With the sad passing of Steve Jobs, everyone is talking about what an awesome entrepreneur he was. But what exactly do entrepreneurs like Jobs do for the economy?
I’ve studied the stories of dozens of America’s pioneering business leaders from Samuel Morse and Thomas Edison to Bill Gates and Fred Smith. What I’ve found is that while Steve Jobs was great, the rise of his Apple Computer was far from unique in our history.
Historians Nathan Rosenberg and L.E. Birdzell found that “new enterprises, specializing in new technologies, were instrumental in the introduction of electricity, the internal-combustion engine, automobiles, aircraft, electronics, aluminum, petroleum, plastic materials, and many other advances.” At the start of nearly every industry, a few gutsy people have taken huge risks to challenge old ways, to undermine dominant firms, and often to battle against government barriers that stood in their way.
Looking at Jobs and other great entrepreneurs, I’ve found five key roles they play in generating growth:
- Entrepreneurs are Radical Innovators. Their inventions are usually unexpected and very disruptive to exiting businesses. Rosenberg and Birdzell note that Apple’s pioneering early products were not thought of “by any of the leading American computer manufacturers, nor by the Soviet Union, nor by the French Commissariat du Plan, nor by MITI in Japan.” Another radical innovator of the 1970s was Fred Smith of Federal Express. Today, we take overnight delivery for granted, but it was up to Smith to battle regulatory roadblocks and to show that there was a huge demand for the service.
- Entrepreneurs Grow Niches into Big Industries. Bill Gates began his career in the 1970s writing code for an obscure hobbyist computer called the MITS Altair. That would not have seemed like the path to the top at the time — it was a niche market (software) within a niche market (microcomputers). But leaders of the giant mini and mainframe computer firms overlooked the microcomputer that outsiders like Gates and Jobs were developing. Just last year, Apple’s iPad looked like a niche product, but tablet computing has exploded.
- Entrepreneurs Generate Competition. Apple Computer has played a crucial role in providing an alternative to giant Microsoft by always staying one step ahead. American history is full of agile and upstart firms providing a crucial competitive check to dominant firms. One great story is the rise of William McGowan’s MCI Corporation in the 1970s and 1980s. MCI helped destroy the AT&T monopoly, thus paving the way for Jobs and other entrepreneurs to marry computers with telecommunications technology.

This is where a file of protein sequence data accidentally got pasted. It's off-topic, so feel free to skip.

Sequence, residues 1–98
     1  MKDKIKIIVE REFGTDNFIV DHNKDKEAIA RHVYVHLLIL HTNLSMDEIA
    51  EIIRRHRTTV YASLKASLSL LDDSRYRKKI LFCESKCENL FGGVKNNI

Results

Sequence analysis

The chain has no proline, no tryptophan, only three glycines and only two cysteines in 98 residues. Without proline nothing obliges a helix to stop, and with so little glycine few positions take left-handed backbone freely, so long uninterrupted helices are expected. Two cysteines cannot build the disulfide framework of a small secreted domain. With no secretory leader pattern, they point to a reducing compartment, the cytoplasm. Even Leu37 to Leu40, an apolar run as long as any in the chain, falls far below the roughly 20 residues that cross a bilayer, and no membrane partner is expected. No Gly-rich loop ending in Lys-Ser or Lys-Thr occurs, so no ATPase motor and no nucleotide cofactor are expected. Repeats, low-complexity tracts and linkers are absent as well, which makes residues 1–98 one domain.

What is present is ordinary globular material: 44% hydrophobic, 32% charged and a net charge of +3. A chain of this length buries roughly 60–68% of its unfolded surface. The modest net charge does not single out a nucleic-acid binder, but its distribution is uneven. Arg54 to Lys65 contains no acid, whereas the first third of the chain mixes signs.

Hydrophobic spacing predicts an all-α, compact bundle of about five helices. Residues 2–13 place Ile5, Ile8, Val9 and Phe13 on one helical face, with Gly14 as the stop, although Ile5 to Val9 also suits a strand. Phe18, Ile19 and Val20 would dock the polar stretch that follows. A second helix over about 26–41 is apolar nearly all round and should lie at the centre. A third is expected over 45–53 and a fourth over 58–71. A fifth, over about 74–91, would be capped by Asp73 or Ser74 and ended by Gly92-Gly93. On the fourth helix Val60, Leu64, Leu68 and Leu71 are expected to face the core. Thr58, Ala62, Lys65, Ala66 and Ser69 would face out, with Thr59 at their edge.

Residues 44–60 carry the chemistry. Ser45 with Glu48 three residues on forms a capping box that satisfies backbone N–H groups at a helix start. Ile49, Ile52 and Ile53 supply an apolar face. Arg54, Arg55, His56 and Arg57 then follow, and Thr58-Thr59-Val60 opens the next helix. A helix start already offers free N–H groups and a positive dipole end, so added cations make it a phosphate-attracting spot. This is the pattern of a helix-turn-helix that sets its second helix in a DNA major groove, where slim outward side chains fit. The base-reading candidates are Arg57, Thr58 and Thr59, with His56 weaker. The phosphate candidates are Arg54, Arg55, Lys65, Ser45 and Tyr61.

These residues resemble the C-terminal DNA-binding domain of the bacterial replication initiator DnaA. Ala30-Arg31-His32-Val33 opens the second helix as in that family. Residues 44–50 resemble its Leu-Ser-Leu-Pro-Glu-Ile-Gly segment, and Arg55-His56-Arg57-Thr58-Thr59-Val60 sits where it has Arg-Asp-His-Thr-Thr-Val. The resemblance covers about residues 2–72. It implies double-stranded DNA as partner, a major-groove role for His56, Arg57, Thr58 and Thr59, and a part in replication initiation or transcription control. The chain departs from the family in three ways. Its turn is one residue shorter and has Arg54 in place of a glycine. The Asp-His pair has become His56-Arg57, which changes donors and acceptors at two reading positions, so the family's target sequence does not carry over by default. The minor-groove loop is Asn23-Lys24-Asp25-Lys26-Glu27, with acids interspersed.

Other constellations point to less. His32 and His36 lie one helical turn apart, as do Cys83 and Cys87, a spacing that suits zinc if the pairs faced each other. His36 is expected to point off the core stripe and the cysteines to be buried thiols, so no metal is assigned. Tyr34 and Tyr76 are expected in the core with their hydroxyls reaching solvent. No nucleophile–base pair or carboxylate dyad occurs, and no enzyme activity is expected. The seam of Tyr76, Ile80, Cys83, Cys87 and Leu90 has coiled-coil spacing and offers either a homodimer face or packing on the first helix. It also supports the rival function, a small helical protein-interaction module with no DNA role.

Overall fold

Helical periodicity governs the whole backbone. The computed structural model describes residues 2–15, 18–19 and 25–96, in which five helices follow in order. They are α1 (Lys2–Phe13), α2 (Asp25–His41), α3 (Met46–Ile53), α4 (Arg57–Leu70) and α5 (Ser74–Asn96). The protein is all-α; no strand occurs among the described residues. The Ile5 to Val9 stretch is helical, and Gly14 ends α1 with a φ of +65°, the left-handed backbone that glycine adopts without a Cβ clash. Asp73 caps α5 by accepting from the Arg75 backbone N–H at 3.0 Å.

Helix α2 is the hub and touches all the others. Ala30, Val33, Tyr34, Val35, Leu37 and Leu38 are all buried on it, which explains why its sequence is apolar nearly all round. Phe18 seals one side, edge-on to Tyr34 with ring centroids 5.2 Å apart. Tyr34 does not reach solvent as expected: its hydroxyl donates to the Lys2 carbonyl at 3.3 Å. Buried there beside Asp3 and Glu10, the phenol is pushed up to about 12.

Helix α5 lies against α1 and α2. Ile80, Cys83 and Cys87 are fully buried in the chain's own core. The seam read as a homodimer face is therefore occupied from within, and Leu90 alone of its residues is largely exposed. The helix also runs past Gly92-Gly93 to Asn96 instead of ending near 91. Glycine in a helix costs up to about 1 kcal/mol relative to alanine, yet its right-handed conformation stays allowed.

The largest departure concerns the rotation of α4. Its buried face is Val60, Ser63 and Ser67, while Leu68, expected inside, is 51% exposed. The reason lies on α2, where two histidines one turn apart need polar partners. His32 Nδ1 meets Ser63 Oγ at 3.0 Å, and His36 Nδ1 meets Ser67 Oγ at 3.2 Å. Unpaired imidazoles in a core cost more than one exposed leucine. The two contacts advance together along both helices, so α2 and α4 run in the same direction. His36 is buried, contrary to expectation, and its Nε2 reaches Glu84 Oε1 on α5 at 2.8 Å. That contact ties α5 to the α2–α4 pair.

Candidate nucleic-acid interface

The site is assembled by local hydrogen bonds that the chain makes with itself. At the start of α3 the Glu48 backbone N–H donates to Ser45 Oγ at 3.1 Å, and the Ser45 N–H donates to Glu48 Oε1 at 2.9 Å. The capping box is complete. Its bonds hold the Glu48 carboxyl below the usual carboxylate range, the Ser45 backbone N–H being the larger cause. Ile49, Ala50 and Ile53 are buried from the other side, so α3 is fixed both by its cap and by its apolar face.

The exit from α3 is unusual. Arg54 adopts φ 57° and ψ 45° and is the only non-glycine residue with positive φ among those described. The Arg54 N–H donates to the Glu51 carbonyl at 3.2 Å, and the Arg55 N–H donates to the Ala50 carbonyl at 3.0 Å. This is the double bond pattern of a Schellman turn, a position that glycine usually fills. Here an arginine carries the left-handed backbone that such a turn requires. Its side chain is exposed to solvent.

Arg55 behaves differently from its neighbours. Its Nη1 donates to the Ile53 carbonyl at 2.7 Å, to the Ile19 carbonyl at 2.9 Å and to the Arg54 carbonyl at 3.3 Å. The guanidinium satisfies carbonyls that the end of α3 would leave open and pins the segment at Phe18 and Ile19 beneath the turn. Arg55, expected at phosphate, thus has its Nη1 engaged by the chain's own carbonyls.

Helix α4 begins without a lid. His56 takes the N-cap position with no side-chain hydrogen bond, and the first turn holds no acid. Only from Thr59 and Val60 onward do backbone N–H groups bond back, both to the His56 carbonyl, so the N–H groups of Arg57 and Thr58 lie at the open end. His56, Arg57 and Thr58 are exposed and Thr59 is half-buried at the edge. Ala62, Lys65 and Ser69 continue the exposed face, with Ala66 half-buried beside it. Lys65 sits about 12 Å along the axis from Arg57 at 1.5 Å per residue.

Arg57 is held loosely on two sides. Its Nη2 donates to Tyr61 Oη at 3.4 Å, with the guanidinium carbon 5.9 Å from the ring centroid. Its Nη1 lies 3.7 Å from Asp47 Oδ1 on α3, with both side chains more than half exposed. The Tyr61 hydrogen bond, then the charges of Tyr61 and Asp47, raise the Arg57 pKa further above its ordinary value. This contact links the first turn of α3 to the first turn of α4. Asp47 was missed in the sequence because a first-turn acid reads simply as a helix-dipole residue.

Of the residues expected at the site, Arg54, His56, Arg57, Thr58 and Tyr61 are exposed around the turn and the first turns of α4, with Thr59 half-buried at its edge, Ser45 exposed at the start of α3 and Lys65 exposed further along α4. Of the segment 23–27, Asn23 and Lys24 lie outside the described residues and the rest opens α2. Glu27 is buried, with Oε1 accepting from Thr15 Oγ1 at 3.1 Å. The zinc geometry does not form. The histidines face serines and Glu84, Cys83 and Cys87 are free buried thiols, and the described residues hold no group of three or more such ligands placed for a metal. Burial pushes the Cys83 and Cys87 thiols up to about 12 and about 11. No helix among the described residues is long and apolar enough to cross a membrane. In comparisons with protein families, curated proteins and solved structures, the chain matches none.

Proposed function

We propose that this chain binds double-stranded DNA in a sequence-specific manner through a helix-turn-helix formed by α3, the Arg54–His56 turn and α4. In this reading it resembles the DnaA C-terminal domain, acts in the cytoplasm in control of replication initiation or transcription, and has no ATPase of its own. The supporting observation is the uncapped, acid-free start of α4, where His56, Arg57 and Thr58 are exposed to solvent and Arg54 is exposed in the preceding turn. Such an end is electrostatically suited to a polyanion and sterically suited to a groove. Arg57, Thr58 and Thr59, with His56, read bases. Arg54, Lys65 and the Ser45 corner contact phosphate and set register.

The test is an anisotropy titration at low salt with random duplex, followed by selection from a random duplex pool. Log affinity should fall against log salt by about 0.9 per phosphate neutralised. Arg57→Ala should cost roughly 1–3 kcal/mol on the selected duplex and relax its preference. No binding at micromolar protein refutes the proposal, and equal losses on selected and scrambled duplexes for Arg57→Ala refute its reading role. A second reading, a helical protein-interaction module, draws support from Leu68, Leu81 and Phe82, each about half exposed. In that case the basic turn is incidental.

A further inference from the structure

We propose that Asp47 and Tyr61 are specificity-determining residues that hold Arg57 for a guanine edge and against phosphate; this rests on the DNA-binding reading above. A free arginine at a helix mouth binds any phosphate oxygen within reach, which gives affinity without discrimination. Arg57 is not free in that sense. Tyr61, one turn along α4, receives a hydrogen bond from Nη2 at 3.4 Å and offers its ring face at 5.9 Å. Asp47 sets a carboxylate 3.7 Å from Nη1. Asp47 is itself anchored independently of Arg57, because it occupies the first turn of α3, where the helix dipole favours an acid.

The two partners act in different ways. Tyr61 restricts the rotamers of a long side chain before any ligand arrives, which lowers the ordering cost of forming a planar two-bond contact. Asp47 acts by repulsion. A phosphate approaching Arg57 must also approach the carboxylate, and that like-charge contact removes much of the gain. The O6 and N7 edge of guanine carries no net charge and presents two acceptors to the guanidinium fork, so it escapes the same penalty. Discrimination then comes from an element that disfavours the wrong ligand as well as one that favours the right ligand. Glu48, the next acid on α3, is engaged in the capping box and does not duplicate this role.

- Entrepreneurs are Guinea Pigs. The modern economy is steeped in uncertainty. No one can accurately predict the future, not even the best entrepreneurs. Instead, what makes entrepreneurs unique is that they act in the face of uncertainty. Steve Jobs was a great high-tech guinea pig, and he had plenty of product failures. But good entrepreneurs learn from their mistakes and try again. Ransom Olds, the father of the U.S. automobile industry, failed numerous times with steam-powered cars and other technologies before he succeeded with the first mass-produced gasoline car in 1901. Even by 1910, Thomas Edison was still insisting that “the nickel-iron battery will put the gasoline buggy … out of existence in no time.”
- Entrepreneurs Turn Inventions into Innovations. America’s rise to prosperity is often portrayed as a steady process of accumulating new inventions. That “science push” understanding of history is often implicit in calls for government funding of science. But that view is wrong. Economies grow because of innovations, which are inventions that entrepreneurs package and test in the marketplace. The Chinese invented paper, but it was in pluralistic Europe where printing exploded after Gutenberg’s advances. Apple Computer has been brilliant at both making technological breakthroughs and guessing the demands of the marketplace.
What are the policy lessons from America’s great entrepreneurial history? One lesson is that the politicians who steer subsidies to solar firms, fast trains, and other schemes are ignorant of the real sources of economic growth. Because market uncertainties are pervasive, government agencies and dominant companies cannot be relied upon to secure our economic future.
Instead, we can spur growth by encouraging a culture of entrepreneurship, repealing barriers to entry, reducing taxes on risky investments, and simply getting out of the way of the next generation of Steve Jobses.
Chris Edwards is editor of Cato’s DownsizingGovernment.org.